Analytical prowess on Mars
Along with the imaging and remote analysis work, Curiosity will also do some traditional ‘dirty work’ to analyse the soil it finds in more detail. Like any terrestrial geologist on a field trip, it carries a drill to access deeper layers of rocks and a scoop to collect samples of dust and loose soil. It can sieve the collected materials to obtain finely powdered samples for analysis. The Chemistry and Mineralogy instrument (CheMin) will use X-ray diffraction and fluorescence to analyse the crystal structures and elemental composition found in such powdered samples.
The largest part of the scientific payload is the Sample Analysis at Mars (SAM) suite of instruments, which includes a mass spectrometer, gas chromatograph, and tunable laser spectrometer. Mainly, the SAM suite will be used to look for carbon compounds, including methane, which has already been detected remotely by the European Space Agency’s Mars Express Orbiter. NASA researchers hope to work out where that methane comes from – with current knowledge they cannot exclude that it might be of biological origin.
‘The prospect of methane in Mars’ atmosphere is a very exciting one,’ says Lewis Dartnell, an astrobiologist at University College London. ‘Much of the methane in Earth’s air is produced biologically. Also, since methane is scrubbed out of the atmosphere pretty quickly by the action of sunlight, if there is methane present on Mars, something must have released it recently, if not still producing it.’
However, Dartnell isn’t quite convinced yet that the results from the orbiter are 100% certain. ‘The problem is that the measurements so far have been right on the limit of detection, and so we’re not sure if there is actually any Martian methane at all,’ he cautions. ‘This is hopefully what Curiosity will be able to resolve, and more importantly, may be able to find evidence that the methane was generated by microbial life.’
The SAM suite will also look for other light elements associated with life, including hydrogen, oxygen, and nitrogen, and analyse their abundance and isotope ratios.
The Russian Federal Space Agency has contributed an instrument to the mission, namely the Dynamic Albedo of Neutrons (DAN) tool. It is based on the observation that neutrons colliding with light nuclei – which, given the paucity of helium, lithium and beryllium in the planetary crusts, essentially means hydrogen – pass on much of their kinetic energy to the atom and are slowed down. By contrast, on collision with heavier nuclei they bounce elastically, thus retaining their kinetic energy.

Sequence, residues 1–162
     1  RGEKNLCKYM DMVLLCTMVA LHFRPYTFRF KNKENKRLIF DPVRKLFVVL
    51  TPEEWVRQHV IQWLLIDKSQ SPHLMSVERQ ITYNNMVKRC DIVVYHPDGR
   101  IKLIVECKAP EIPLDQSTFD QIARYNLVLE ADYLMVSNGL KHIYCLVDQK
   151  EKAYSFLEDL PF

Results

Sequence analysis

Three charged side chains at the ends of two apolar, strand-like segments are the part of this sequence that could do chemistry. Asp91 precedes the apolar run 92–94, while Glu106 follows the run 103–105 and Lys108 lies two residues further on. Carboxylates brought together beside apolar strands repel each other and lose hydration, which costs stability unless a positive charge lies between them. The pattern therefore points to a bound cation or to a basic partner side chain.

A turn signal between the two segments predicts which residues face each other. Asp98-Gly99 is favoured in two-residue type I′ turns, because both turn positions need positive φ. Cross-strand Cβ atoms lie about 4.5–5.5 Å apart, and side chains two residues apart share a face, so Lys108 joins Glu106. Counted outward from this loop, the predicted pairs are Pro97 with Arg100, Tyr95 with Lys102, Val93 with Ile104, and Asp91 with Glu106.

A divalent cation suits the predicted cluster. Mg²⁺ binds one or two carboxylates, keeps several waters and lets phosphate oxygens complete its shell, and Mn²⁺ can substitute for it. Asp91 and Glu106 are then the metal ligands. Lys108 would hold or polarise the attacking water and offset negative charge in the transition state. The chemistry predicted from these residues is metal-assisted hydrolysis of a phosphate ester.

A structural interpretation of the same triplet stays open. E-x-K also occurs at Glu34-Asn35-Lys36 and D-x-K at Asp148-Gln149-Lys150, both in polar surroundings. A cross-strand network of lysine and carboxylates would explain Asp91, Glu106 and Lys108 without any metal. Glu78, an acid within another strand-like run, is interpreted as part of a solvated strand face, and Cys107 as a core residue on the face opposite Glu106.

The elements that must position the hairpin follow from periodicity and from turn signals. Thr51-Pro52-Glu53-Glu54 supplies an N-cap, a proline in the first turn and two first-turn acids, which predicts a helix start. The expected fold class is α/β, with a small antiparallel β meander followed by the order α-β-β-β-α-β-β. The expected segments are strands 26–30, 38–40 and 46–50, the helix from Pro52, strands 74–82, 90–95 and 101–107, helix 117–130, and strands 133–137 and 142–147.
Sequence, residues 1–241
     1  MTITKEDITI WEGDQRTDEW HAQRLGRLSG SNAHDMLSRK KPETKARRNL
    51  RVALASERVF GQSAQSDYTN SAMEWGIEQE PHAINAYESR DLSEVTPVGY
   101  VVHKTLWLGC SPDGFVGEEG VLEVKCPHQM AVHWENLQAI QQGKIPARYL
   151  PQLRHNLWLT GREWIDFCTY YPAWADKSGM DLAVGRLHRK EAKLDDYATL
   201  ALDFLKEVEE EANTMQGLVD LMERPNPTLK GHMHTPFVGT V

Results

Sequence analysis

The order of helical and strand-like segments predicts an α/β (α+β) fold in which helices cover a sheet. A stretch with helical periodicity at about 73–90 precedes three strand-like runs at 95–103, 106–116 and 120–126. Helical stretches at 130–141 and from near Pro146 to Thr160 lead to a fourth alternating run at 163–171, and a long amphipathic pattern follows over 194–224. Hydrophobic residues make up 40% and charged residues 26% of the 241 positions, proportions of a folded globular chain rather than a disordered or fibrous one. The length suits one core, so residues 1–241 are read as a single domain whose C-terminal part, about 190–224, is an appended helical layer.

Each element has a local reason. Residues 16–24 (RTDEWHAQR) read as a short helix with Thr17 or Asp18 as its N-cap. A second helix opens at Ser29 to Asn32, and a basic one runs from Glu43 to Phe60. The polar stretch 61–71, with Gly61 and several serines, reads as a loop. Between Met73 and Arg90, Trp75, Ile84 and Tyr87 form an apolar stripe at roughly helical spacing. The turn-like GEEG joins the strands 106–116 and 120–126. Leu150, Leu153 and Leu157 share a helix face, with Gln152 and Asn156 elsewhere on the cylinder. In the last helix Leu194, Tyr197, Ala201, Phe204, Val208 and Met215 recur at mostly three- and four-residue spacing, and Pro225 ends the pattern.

The DAN instrument will generate neutron beams and direct them at the ground. Neutrons will penetrate 1–2m deep and scatter as they collide with atoms. Measuring the kinetic energy of neutrons reflected back at the probe, the DAN instrument will be able to detect hydrogen atoms – almost certainly in the form of water molecules – even if the water only occurs at an abundance of 0.1 %. Water ice is plentiful at the Martian poles, but its distribution at lower latitudes is yet unclear. Even liquid water may still exist underground, thanks to geological heat and pressure. Such locations, if found, might be habitats where microbial life could have survived on the Red Planet.
Probing the environment
Finally, the remaining scientific instruments in Curiosity’s arsenal serve to analyse the environmental conditions at its landing site. The Radiation Assessment Detector (RAD) is unique in that its analyses are specifically designed to prepare for future visits by human explorers.